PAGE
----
also performed repeated trials in which each one of
the 7 individuals was sequentially omitted. The results were consistent, regardless of any single individual’s omission. Using a Bonferroni correction
(Sokal and Rohlf, 1995), three regions (anterior cingulate, posterior cingulate, and nucleus accumbens)
reach t-values corresponding to experimentwise significance adjusted for multiple comparisons tests
(adjusted ␣ ⫽ 0.10/24 ⫽ 0.0042). Six other regions
(motor cortex of the lower extremity, supplementary
motor area, striate cortex, orbitofrontal cortex, ventral caudate, and ventral thalamus) also showed
indications of left-dominant asymmetry; however,
the t-values for these regions did not reach the adjusted significance level.
Results for the relationship between asymmetry
and age are presented in Table 4. Significant correlations between degree of asymmetry and age were
detected in eight regions: the motor cortex of the
upper extremity and face, supplementary motor
area, anterior cingulate cortex, globus pallidus pars
interna, substantia nigra, lateral habenula, and cerebellum. In each case, a greater degree of left-right
asymmetry was associated with increased age.
DISCUSSION
It has been suggested that cerebral asymmetries
may be correlates of behavioral laterality. Handedness, for example, has been associated with both
structural asymmetry (Amunts et al., 1996; Foundas
et al., 1998; Hopkins and Rilling, 2000) and physiological asymmetry (Dassonville et al., 1997; Kawashima et al., 1997; Kim et al., 1993; Volkmann et
al., 1998) in the human brain.
Reports of physiological asymmetries in humans
during the resting state have been mixed, with
many studies finding no evidence for left-right dif-
Region
r
P
Motor cortex lower extremity
Motor cortex upper extremity
Motor cortex face
Supplementary motor area
Striate cortex
Orbitofrontal cortex
Dorsolateral prefrontal cortex
Anterior cingulate cortex
Posterior cingulate cortex
Amygdala
Hippocampus
Caudate (ventral)
Caudate (body)
Putamen
Nucleus accumbens
Globus pallidus pars externa
Globus pallidus pars interna
Ventral pallidum
Subthalamic nucleus
Substantia nigra
Thalamus (dorsomedial)
Thalamus (ventrolateral)
Lateral habenula
Cerebellum
0.56
0.89
0.78
0.87
0.22
⫺0.69
0.69
0.75
0.69
0.35
⫺0.42
⫺0.59
0.69
0.74
⫺0.54
0.59
0.75
0.69
⫺0.30
0.92
0.64
0.41
0.86
0.90
0.193
0.007**
0.037*
0.012*
0.631
0.084
0.084
0.051
0.085
0.439
0.353
0.167
0.087
0.060
0.207
0.161
0.053
0.086
0.515
0.004**
0.119
0.366
0.014*
0.005**
* P ⬍ 0.05.
** P ⬍ 0.01.
ferences (Catafau et al., 1996; Moeller et al., 1996;
Murphy et al., 1996; Seitz and Roland, 1992;
Younkin et al., 1988). We have summarized the results of those studies that do report significant baseline physiological asymmetries in Table 5. For humans, the direction of asymmetry is generally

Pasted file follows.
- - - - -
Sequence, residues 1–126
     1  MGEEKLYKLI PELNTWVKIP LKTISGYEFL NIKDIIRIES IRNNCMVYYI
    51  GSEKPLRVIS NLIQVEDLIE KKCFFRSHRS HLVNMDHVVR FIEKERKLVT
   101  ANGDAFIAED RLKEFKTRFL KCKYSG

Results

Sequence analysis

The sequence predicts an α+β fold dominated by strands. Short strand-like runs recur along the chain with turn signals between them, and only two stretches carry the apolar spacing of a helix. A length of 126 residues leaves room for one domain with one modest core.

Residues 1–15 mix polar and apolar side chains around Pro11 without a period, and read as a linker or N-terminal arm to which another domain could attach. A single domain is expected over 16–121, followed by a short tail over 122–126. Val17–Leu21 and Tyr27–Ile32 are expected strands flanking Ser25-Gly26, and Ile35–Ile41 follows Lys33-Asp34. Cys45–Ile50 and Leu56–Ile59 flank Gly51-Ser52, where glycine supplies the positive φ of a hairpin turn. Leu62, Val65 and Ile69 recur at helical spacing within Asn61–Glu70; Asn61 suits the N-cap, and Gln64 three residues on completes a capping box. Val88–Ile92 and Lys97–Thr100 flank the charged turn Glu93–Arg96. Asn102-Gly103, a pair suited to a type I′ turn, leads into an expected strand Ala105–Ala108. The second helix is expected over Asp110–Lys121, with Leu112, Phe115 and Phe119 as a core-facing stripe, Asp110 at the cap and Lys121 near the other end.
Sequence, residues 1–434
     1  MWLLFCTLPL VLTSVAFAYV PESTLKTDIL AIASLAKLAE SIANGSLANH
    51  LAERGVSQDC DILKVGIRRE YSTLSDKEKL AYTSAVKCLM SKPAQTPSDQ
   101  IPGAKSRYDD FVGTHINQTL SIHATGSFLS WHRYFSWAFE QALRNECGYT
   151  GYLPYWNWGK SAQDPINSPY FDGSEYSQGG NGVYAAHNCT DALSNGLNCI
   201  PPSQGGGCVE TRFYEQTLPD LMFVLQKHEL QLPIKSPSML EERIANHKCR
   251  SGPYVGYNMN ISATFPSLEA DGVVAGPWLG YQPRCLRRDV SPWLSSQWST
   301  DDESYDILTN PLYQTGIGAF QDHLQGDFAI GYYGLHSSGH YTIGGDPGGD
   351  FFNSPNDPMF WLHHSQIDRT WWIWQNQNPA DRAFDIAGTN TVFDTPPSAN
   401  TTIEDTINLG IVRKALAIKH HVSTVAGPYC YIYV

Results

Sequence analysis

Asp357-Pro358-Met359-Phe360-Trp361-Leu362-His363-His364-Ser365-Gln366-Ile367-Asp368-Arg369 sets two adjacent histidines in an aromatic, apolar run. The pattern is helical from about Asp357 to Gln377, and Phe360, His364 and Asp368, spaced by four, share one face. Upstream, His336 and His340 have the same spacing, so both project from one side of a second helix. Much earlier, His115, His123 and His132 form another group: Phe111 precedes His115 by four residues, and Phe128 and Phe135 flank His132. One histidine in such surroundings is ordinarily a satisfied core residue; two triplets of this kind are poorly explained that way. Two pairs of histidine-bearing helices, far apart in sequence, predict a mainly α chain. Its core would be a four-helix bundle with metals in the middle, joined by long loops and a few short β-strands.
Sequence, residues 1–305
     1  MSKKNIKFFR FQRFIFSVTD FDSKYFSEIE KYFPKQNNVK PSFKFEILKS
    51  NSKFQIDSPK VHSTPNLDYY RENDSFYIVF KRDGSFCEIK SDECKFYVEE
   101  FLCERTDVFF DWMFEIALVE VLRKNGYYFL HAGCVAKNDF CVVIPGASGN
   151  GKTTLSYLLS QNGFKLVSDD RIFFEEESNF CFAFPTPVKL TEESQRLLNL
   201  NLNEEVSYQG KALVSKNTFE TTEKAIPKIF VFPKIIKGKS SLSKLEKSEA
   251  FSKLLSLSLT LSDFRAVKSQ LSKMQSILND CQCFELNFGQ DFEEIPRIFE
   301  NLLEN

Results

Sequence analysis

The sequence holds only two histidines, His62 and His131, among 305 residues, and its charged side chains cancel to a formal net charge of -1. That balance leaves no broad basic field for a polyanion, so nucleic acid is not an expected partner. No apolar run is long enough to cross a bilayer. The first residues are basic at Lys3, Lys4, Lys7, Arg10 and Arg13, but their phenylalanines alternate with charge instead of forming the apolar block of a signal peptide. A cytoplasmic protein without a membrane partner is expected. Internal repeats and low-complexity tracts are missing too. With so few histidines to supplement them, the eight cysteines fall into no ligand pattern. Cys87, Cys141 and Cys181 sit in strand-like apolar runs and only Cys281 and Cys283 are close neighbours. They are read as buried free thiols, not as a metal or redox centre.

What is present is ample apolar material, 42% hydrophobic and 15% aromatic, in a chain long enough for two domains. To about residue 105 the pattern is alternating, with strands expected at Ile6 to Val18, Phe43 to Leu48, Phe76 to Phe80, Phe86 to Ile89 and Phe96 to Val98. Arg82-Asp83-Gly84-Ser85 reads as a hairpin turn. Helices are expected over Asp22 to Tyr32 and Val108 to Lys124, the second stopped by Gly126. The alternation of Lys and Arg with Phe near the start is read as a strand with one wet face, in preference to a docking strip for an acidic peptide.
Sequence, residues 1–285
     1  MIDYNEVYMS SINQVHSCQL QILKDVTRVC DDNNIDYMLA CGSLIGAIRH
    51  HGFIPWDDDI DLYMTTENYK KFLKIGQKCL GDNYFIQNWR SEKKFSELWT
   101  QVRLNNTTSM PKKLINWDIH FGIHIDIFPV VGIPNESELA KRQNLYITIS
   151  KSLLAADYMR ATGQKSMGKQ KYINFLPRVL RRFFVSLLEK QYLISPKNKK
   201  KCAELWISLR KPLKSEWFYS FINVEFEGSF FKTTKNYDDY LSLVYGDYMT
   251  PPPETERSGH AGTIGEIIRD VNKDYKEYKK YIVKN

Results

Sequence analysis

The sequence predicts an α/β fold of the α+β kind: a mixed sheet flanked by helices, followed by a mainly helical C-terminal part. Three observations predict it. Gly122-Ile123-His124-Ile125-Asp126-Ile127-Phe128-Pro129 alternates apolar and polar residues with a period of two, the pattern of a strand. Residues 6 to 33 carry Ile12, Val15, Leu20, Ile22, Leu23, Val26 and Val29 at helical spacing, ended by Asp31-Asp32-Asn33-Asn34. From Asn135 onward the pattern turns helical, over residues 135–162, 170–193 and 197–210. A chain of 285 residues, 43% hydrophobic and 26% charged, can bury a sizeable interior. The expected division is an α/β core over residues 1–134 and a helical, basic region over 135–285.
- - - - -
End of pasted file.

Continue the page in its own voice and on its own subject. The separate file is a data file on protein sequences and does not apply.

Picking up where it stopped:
indicative of right-hemispheric predominance (but
see Gur et al., 1995; Podreka et al., 1989). Regionally, asymmetries have most often been reported for
the temporal region, but also appear in the somatosensory cortex, occipital, frontal, and parietal cortex,
and basal ganglia. The prevalence of right-sided
physiological predominance in the temporal region
seems at odds with the left-predominant anatomical
asymmetries of the planum temporale, thought to
indicate left-hemispheric predominance in language
(Geschwind and Galaburda, 1987; Geschwind and
Levitsky, 1968). Indeed, Mazziotta et al. (1982) reported higher glucose metabolic rates in the left
temporal regions in 22 normal, right-handed subjects. It is possible that the discrepancy arises from
differences in scanning technique or resolution that
could increase errors related to partial-volume averaging. However, until a specific cause (whether
methodological or functional) is identified, it would
be premature to equate structural predominance
with physiological predominance.
Four of the 11 studies in Table 5 did not report the
magnitude of differences when presenting significance tests. In one study (Krausz et al., 1998, p.
430), it was reported that “although the difference
. . . between the sides was highly significant, the
magnitude of the absolute difference between the
sides was only marginal.” In contrast, Rodriguez et
al. (1991, p. 61) reported that the differences they
375
BABOON CEREBRAL BLOOD FLOW
TABLE 5. Summary of physiological asymmetries reported in literature1
Species
(source)
Pig
Macaque
Human
Human
(Madsen et al., 1990)
(Eberling et al., 1995)
(Devous et al., 1986)
(Hagstadius and Risberg,
1989)
(Kolbitsch et al., 2000)
(Van Laere et al., 2001b)
(Podreka et al., 1989)
(Krausz et al., 1998)
(Rootwelt et al., 1986)
(Gur et al., 1995)
(Rodriguez et al., 1991)
(Fujita et al., 1990)
(Perlmutter et al., 1987)
Human
Human
Human
Human
Human
Human
Human
Human
Human
HmS
WM
Tmpl
SM
Occ
Frnt
Prtl
R (NR)
R (NR)
STR
Hipp
L (6.6%)
L (2.9%)
L (2.6%)
L (4.8%)
L (12.0%)
R (NR)
R (2.9%)
R (NR)
R (4.3%)
R (NR)
R (4.1%)
R (4.9%)
R (1.4%)
R (5.5%)
R (6.9%)
R (5.7%)
L (2.2%)
R (1.6%)
R (8.2%)
B (2.4%)
R (NR)
R (3.3%)
R (NR)
L (NR)
L (NR)
L (1.4%)
R (2.6%)
L (NR)
R (8.5%)
L (NR)
L (1.8%)